For the first time in what seems like forever, I have company. There are six of us are spread between the finish line and myself. It was apparent that some riders are in a worse state than myself, and cruelly, this spurs me on for the final push. It works. I pass another four riders only to lose one spot from behind. The final kilometres are one of the longest and hardest I have ever experienced. Crossing the finish line, I was instantly relieved that I had reached the peak, not wanting to do a single pedal stroke more than necessary. I’m done.

Down but not out

I dare say I showed little emotion, and blankly stared at my front wheel as I stood slumped over my bike. Feeling pretty lightheaded, it felt like forever until I could get my breath back, but I was more than happy to just stand there if it meant not having to move again. Kevin, on the other hand, was super excited and way too energetic for my liking, as he constantly repeated “you are my champion” – he was lucky I couldn’t move.


I guess I summed it up at the time pretty well when I was interviewed by Lee Rodgers, the International Marketing Director of the KOM Challenge; the final hour felt longer than the first three hours; the scenery is unbelievable and I’ll definitely be back again!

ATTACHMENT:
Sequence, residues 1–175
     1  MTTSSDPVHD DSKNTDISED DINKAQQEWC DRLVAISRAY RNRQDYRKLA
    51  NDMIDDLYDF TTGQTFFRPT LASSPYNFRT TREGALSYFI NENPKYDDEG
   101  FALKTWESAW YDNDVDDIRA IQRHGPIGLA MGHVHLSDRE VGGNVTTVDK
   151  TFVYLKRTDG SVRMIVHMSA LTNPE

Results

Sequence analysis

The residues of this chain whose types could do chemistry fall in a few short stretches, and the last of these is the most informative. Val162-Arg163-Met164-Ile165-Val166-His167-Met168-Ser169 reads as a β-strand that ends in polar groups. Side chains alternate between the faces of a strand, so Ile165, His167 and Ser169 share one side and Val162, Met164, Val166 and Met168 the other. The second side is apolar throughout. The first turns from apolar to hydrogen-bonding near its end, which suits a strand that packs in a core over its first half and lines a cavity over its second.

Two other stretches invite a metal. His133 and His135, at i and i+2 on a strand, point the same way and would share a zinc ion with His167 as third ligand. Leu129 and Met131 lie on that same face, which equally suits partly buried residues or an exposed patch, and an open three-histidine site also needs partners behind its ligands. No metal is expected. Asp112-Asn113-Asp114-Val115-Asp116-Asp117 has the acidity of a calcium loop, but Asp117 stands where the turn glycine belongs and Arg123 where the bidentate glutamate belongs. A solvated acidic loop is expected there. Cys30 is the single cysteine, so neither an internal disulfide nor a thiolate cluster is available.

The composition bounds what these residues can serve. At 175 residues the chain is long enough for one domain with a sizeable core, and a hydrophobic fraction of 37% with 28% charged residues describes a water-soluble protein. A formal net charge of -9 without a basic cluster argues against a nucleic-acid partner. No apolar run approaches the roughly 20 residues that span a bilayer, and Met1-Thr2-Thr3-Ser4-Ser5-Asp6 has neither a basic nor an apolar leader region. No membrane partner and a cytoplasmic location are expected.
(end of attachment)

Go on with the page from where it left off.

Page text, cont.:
Following the race, the amount of riders gathered at the summit gradually increased for a number of hours, displaying different combinations of satisfaction, mental and physical exhaustion, and sheer disbelief as to what they had just experienced. Beyond winning, placing in your category or doing a personal best, it really is a special feat just to complete the event.

For the first time in event history there would be more foreign participants than locals, with some 400 riders made up with representatives from almost 50 nations. Additionally, the quality of the international field was the strongest to date, and it was little surprise when the race record would be convincingly broken in the closest finish in the event’s history. Both the quality and diversity of participants in this year’s edition are clear indications for the future growth of the event.

The Taiwan KOM Challenge is truly a relentless climb that showcases some of the most amazing scenery I’ve ever witnessed. It’s honestly easy to see why Taiwan is fast becoming one of the most appealing destinations for cycling in the world. The cycling culture that has been fostered here is enviable, perhaps influenced by the industry, but undoubtedly a product of the islands natural beauty too. This seriously was one unforgettable and epic experience that I highly recommend to a rider of any ability. I know for certain I’ll be back again in the future, whether it’s for the challenge, or just to explore what else this cycling island has hidden!

Keen to have a go? Here’s how Jay did it. The scoop on all things Taiwan KOM Challenge related.